Letter Re: Guinea Fowl for Bug Control in Your Garden

After reading yet another article about how guineas do no harm in the garden, I thought it was time to toss in my thoughts on the matter.

First, guineas do not do nearly the damage a flock of chickens will do. However…

When mine were free to roam the garden, they dug their dust pits right at the base of plants because the soil under plants is cooler from both shade and watering. Be prepared to sacrifice plants to exposed roots.

They walked up and down the rows of strawberries and pecked at all the green strawberries, which then just lay on the dirt because they didn’t taste good and were too small to ripen.They also did this with all the pinto bean pods long before the beans ever matured. And they found each tomato as it began to turn red and from the side that was red, pecked out the entire inside so I was left with what looked like a hanging green ice cream scoop. They did this as high as they could reach. They pecked at squash and melons and when they pecked deep enough, either they liked it and ate it, or ants found the wound and made short work of the whole thing.

They pecked every red raspberry they could reach and apparently didn’t care for them. This didn’t stop them from still pecking off every berry they could reach and just leaving them on the ground. Every day.

I no longer have grape hyacinth all over my yard, because the guineas graze them off like little lawn mowers. I think they can see very tiny things, because I rarely get chigger bites and only get ticks from the cats when they’ve been in the tall grass.

Guinea hens will not sit on any eggs they might lay if they are penned up. You have to put the eggs under a good mother hen, best being a game hen. Guineas hide their nests and if you don’t find them, you will probably lose the nest and the hen, as they will not leave the nest when threatened. They will be lost to skunks, raccoons, possums and dogs. Armadillos will also take the eggs, but I don’t think they harm the hen.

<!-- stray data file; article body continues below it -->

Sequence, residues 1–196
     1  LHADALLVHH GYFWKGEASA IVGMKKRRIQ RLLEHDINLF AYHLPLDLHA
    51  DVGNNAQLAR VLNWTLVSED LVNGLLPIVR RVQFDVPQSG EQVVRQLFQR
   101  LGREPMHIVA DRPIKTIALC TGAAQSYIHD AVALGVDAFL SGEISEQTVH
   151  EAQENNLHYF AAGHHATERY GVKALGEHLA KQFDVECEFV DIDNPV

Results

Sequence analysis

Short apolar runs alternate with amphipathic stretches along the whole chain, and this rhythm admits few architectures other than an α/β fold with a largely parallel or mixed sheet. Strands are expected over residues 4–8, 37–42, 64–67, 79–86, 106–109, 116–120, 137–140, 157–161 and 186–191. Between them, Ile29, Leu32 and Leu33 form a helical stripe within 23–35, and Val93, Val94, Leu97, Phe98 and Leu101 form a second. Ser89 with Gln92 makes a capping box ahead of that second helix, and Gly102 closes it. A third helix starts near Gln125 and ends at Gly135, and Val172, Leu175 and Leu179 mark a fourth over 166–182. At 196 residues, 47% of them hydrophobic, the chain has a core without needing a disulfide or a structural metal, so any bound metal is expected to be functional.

Guineas usually make turkey appear intelligent by comparison, but they can be smart in some ways. I have seen them send a youngster to go get a lost keet peeping in the tall grass, and lead it back to the flock. I have only one left now (he is called “Little Schumer”), and he talks to me. He hangs with the chickens now that he’s alone, and doesn’t wander so far, but he gets really naughty about going into the henhouse at night. His last remaining brother got killed by an owl and I hope to keep this little “tame” one around a long time.

I put thick, slippery plastic sheets about 30″ high around the three trees the birds chose to roost in. These won’t stop owls, but since being installed they have prevented any more losses to opossums and raccoons.

Here’s a helpful hint. Use the poultry to help, not ruin a garden. Stagger plant potatoes in a three foot wide row, barely below the surface of spaded soil. Cover generously with straw, and then roll out a length of 2″ x 4″ welded wire fencing, four feet high, flat on top of the whole bed. This prevents the chickens from digging it up, the straw means you don’t need to hill the potatoes, and the chickens and guineas will eat all the potato bugs and not touch the plants because they are poisonous.

I hope this is of help to anyone who plans to get guinea fowl. – Carol in Arkansas